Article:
Two years ago, an FTC report stated “neither litigation nor arbitration currently provides adequate protection for consumers. The system for resolving disputes about consumer debt is broken.” Arbitration efforts flopped. Three years ago, the Minnesota Attorney General sued the National Arbitration Forum, citing fraud, deceptive trade practices and false advertising – the forum didn’t tell people of its financial ties to the industry. The forum settled and stopped arbitrating.
Consumers also get confused because of the growing debt buying business. Companies specialize in buying debts usually for between five and ten cents on the dollar, then trying to collect the whole shebang. (The nation’s 19 largest banks sell about $37 billion a year in credit card debt, according to OCC.) So people hear from a company they’ve never heard of claiming they owe money. Almost no one engaged in this practice in 1977 so it’s not clear how FDCPA affects debt buyers. People can pay their original creditor after it sold the debt and think they’ve settled the matter, only to face continued collection efforts from the buyer.
OCC said it is working on guidance and “has raised its expectations for banks” in this regard. “Selling debt to third party debt collectors carries particular compliance, reputational, and operational risks,” OCC said in a statement given in July to Brown adding “it is evident these risks are gaining increasing prominence.” Brown said that “OCC has historically been more friendly to banks than to consumers.”
Kim Phan, a lawyer for debt buyer trade association DBA International, said the organization is working on guidance for the industry.
Collectors do more than call and harass. They sue. The New Economy Project (NEP), a New York community advocacy center, recently released a report stating “debt collection lawsuits — particularly those filed by debt buyers — wreak havoc across New York State, depriving hundreds of thousands of New Yorkers of due process and subjecting them to collection of debts that in all likelihood could never be legally proven.”
In 2011, collectors – mostly buyers – filed 195,105 lawsuits against New Yorkers. Almost two-thirds of the time, plaintiffs win default judgments but seldom win on the merits when cases go to trial, NEP said. “A lot of the debt that we see that’s charge-off by banks is debts that they’ve sold off for pennies on the dollar with very little documentation so the banks aren’t held accountable for that debt and the collectors who are trying to collect…are doing so with very limited information and sometimes don’t have sufficient proof and therefore rely on robosigning and other abusive tactics,” declared Alexis Iwanisziw, NEP research and policy analyst, speaking at a July CFPB forum.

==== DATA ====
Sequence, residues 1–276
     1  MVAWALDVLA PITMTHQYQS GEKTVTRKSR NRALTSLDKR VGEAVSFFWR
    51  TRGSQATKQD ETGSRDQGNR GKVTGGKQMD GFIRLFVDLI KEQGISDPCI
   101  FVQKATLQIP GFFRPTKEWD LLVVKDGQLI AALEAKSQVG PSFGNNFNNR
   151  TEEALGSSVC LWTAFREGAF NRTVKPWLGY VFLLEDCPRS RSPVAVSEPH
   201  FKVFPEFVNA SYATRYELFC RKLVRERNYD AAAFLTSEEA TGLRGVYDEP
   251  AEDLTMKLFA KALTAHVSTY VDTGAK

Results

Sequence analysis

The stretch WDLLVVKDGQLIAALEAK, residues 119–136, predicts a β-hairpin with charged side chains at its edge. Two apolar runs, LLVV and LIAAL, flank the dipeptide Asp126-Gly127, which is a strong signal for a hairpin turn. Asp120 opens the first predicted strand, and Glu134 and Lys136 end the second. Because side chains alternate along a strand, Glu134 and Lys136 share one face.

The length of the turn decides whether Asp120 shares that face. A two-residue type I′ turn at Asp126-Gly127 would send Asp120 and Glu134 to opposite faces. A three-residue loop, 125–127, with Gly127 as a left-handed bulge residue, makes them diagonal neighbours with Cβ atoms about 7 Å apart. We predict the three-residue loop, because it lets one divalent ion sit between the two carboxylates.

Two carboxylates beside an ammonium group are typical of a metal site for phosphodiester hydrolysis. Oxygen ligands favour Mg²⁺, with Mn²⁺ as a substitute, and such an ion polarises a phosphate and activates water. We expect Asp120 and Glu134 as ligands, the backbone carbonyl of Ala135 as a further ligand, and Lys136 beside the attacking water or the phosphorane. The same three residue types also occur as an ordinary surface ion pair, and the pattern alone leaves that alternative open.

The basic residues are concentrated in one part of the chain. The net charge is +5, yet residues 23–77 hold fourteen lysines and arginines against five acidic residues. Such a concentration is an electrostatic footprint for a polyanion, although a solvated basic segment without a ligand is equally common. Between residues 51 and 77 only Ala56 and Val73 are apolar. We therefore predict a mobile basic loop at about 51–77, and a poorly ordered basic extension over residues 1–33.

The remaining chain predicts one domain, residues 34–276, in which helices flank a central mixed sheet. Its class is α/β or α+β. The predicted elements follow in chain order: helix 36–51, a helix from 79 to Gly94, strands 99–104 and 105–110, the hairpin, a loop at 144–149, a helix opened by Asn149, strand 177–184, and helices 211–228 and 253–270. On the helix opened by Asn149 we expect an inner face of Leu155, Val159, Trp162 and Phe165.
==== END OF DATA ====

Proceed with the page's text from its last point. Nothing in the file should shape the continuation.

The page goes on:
Congress has ignored legislation introduced in recent years to modernize the law. In previous years, senators Charles Schumer (D-NY), Al Franken (D-MN) and Carl Levin (D-MI) conducted hearings and introduced bills but failed to move them. They dropped the issue in the current Congress. Their offices did not respond to inquiries.
Brown, however, examined the issue at a July hearing of his Senate Banking, Housing & Urban Affairs Subcommittee on Financial Institutions and Consumer Protection. Brown said in an interview “I don’t know about a legislative solution” and that recent events gave him “hope we may be able to do something (but) we won’t reopen Dodd-Frank in a major way.”
OCC: More Third-Party Risk Guidance
Regulator Outlines Steps to Mitigate Merchant Processing Risks
By Tracy Kitten, August 26, 2014.
In keeping pace with increasing industry pressures to address third-party risks associated with payments breaches, yet another banking regulator has come out with revised guidance about what banking institutions should do to address risks associated with merchant processing.
The Office of the Comptroller of the Currency, the Federal Financial Institutions Examination Council’s leading agency, has released an updated version of its Merchant Processing booklet, highlighting emerging concerns about high-risk merchants and the need for more due diligence when it comes to the management and risk assessment of third-party service providers.
The payments breach at retail giant Target Corp., which was the result of an attack against a vendor, as well as a breach at payments processor Fidelity National Information Services have pushed banking regulators to reiterate why banking institutions are responsible for mitigating third-party vulnerabilities.